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Settling in
Misunderestimating Intelligence
It Is Iraq, Stupid

So. On Sunday, three national newspapers reported that the latest National Intelligence Estimates concludes that the war in Iraq hasn’t diminished terrorism. It has increased it. The estimate combines the findings of 16 intelligence agencies spread through federal agencies and the Pentagon. On Monday, Tony Snow, the White House spokesman, said this: “One thing that the reports do not say is that war in Iraq has made terrorism worse.” He must not have read the reports. On Tuesday, Bush called the newspaper reports “gossip,” said the Iraq war wasn’t making things worse, then said he’d have the original estimate, or “key judgments,” anyway, declassified so we could see how wrong the newspaper “gossip” was: “You ought to take a look at it and then you’ll get to see.”

The report is 30 pages long. Three pages plus two paragraphs were released. An abridgement, one guesses. Or gossips. Either way: Here is what it does say: “… the global jihadist movement… is spreading and adapting to counter terrorism efforts.” “The confluence of shared purpose and dispersed actors will make it harder to find and undermine jihadist groups.” “The Iraqi jihad is shaping a new generation of terrorist leaders and operatives,” it has become “the ‘cause celebre’ for jihadists, breeding a deep resentment of US involvement in the Muslim world and cultivating supporters of the global jihadist movement. Should jihadists leaving Iraq perceive themselves, and be perceived, to have failed, we judge fewer fighters will be inspired to carry on the fight.”

A big should, for now, considering two factors: the estimate itself judges the movement to be growing, not slowing. So the shuttle train is bringing jihadists in, not taking them out. And the estimate is disturbingly mum about a central part of the jihadist experience: martyrdom. These guys aren’t looking to get out. They’re obsessed with dying. “When a fighter fell,” Lawrence Wright writes in The Looming Tower of the jihadists’ Afghan years, “his comrades would congratulate him and weep because they were not also slain in battle.” The supposition of jihadists “leaving Iraq” is in itself revealing of the estimates’ shallowness on this count, contradicted (and reinforced) by the estimate’s next point: “the underlying factors fueling the spread of the movement outweigh its vulnerabilities” for now. (The four points it lists as fuel to the jihadists’ cause are candid enough to include the “corruption, injustice, and fear of Western domination, leading to anger, humiliation and a sense of powerlessness”).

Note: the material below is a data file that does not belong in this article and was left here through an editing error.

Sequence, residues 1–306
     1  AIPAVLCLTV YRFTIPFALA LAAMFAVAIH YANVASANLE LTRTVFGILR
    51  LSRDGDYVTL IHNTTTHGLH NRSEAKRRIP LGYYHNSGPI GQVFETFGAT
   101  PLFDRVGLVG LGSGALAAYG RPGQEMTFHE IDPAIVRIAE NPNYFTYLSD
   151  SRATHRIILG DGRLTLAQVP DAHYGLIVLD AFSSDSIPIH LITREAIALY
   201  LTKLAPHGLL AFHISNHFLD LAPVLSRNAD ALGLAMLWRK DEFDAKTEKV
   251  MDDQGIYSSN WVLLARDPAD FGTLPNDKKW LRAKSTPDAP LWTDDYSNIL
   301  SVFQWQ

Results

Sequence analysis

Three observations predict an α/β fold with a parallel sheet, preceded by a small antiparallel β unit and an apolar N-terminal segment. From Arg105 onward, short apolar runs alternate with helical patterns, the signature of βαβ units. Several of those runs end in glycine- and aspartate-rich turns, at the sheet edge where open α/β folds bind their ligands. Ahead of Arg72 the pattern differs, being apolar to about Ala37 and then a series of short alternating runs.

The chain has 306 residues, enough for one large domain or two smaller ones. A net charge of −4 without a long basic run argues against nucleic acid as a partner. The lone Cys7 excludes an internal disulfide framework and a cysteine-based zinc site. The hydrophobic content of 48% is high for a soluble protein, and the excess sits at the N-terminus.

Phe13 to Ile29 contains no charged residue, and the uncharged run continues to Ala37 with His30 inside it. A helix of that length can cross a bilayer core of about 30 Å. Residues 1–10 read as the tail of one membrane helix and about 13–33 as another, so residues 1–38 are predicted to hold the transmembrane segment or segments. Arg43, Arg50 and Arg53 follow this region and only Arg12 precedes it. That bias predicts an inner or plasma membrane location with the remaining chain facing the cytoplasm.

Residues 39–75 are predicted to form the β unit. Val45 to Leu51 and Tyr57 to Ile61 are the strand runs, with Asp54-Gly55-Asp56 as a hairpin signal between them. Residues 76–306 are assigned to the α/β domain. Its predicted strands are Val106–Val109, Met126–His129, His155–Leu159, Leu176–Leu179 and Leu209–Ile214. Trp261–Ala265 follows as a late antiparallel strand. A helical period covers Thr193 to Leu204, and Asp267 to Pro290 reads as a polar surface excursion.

I realize that English is my third language. But the estimate is pretty explicit: terrorism is getting worse, and it isn’t because of what the Desperate Housewives are up to. It’s because of Iraq. Look it up. It’s in the estimate. You have to wonder: did Bush read it? His fictional reading binges aside, he notoriously doesn’t read anything longer than one-page memos. Maybe this estimate was summarized for him. By Dick Cheney, who tends to feed his president only spoonfuls of mushed information. Maybe the “leak” to the newspapers was news to Bush, although he claims not to read newspapers, so maybe he misinterpreted what was in the New York Times. More to the point: what the released portions of the estimate do show is a particularly non-original assessment of what we’ve all been witnessing for the last few years. Of course Iraq has mucked up the fight. Of course it’s diverted and diluted resources, allowing the jihadists to pick up steam and challenge. Of course its intensifying resentments. For God’s sake, the Soviet invasion of Afghanistan is where the jihadist movement started—as a response to a secular superpower invading a Muslim land. How could matters have been any different when the United States chose to invade Iraq? It’s as if the intelligence “community” is catching up to the news. Is this the best it can do, with $40 to $50 billion a year feeding its gray cells?

The day’s supreme irony was Bush’s two-question news conference with Hamid Karzai, where he gave his literary interpretation of the intelligence estimate. Karzai is ostensibly the leader of Afghanistan, a country the size of Texas. Karzai’s government controls an area about the size of the Bush ranch in Crawford. Most of the rest is increasingly Taliban country again. The estimate is silent about Afghanistan. Bush wasn’t so silent about the murder of Safia Amajan, the women’s rights leader, in Afghanistan on Sunday. “She got killed in cold blood,” he said. “She was a leader who wanted to give young girls an education in Afghanistan. She was a person who served her government. She was a person who cared deeply about the future of the country.” But how, five years after the American invasion and occupation of Afghanistan in liberation’s name, almost five years about declaring that chunk of the world another “mission accomplished,” five years after Bush speech after Bush speech sexing up the Afghan campaign, how could Safia Amajan be murdered “in cold blood,” as so many like her are being murdered? On that question, Bush pleads the Fifth. He has a right, after all, not to incriminate himself. That’s why we at least have intelligence estimates.

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